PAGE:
Plants Also Cry, Some Animal Can Hear Them

A new study published in Cell today reveals that plants make sounds when they are thirsty or stressed. Researchers found that plants that need water or have been cut make up to 35 pounds per hour. On the other hand, well-watered plants make only one sound per hour. However, humans cannot hear these sounds because they are too high-pitched, between 20 and 100 kilohertz. Animals like bats, mice, and moths could potentially hear them. The study also shows that plants respond to sounds made by animals.

Researchers, led by Lilach Hadany at Tel-Aviv University in Israel, studied plants by placing tobacco and tomato plants in small boxes fitted with microphones. These microphones were able to pick up sounds made by the plants, even if the sounds were not audible to humans. They discovered that plants make noises more noticeably when they are stressed, either by a lack of water or by recent cutting. Lilach Hadany describes the sounds as short clicks, similar to the sound of popcorn when pitched down and sped up. However, she notes that it's not a musical or singing sound.

Click here to listen for the supposed crying voice of a plant.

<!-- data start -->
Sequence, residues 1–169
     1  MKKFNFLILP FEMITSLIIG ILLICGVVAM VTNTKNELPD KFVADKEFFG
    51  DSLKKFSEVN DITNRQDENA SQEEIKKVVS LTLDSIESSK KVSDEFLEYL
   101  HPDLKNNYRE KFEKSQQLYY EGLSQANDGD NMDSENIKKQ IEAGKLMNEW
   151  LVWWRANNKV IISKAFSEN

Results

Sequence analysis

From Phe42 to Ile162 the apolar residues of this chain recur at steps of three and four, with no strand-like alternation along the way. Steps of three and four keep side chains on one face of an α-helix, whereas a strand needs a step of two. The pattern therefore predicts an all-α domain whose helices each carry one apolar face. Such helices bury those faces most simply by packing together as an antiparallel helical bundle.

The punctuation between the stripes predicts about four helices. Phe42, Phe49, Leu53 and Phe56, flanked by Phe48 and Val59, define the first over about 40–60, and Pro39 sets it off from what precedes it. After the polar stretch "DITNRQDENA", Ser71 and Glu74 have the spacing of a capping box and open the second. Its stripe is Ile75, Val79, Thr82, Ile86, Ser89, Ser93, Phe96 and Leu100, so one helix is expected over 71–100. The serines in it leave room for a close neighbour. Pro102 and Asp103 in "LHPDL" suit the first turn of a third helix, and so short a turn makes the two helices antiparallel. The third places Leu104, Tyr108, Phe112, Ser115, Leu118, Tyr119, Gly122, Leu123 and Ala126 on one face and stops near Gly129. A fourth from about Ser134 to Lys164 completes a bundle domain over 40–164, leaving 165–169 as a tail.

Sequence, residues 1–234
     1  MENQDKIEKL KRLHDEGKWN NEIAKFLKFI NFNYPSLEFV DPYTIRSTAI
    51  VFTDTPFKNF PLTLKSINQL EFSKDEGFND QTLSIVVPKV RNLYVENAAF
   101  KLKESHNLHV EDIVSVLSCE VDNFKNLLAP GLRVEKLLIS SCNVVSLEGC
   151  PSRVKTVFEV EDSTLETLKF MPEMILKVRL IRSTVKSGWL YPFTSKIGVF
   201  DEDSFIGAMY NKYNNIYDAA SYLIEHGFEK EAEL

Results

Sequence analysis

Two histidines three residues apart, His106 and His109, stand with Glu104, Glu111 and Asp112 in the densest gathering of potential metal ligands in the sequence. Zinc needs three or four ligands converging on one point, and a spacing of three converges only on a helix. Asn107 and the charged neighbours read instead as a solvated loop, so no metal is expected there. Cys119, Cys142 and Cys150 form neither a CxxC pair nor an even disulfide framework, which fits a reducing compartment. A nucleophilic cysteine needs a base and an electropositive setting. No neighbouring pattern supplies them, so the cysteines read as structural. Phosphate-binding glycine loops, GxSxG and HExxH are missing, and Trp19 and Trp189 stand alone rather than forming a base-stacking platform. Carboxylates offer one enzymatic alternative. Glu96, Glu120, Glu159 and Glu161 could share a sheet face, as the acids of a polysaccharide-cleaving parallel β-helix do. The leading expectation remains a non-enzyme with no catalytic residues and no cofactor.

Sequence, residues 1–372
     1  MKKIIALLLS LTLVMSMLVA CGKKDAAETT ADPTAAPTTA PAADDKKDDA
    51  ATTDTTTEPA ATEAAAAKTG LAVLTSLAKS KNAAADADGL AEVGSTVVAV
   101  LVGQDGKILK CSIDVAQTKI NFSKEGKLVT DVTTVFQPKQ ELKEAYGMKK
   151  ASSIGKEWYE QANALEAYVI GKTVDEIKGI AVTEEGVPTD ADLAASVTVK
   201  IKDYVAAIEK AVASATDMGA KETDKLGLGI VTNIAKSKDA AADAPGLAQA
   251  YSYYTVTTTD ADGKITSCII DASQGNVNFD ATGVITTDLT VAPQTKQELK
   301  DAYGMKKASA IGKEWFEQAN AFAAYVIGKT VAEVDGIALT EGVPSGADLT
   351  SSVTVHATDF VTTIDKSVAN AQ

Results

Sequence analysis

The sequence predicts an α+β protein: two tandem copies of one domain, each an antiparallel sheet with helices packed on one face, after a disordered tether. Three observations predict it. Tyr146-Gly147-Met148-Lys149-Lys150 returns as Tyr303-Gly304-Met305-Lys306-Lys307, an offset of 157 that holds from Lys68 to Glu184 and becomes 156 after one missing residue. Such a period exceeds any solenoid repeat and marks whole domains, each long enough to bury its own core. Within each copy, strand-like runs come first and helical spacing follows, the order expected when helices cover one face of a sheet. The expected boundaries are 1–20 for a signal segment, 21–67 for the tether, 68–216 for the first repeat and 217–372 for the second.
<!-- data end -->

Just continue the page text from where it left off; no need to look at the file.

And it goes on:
Plants don't have vocal cords or lungs like humans. They might make little popping noises when air bubbles form or break in the tubes that transport water and nutrients from their roots to their stems and leaves. This can happen more often when plants are thirsty. Scientists made a computer program that can listen to these sounds to see if a plant needs water or has been cut. They tested it on tomatoes, tobacco plants, wheat, corn, and wine grapes. They found that all these plants can make sounds when thirsty.

Scientists also studied whether plants can hear sounds. They found that some plants release sweeter nectar when they hear the sound of a flying bee. However, it is still unclear if plant noises play an important role in ecosystems or influence the behavior of plants and animals. Some scientists are skeptical that animals can hear plants' sounds, but further research may help us understand more.


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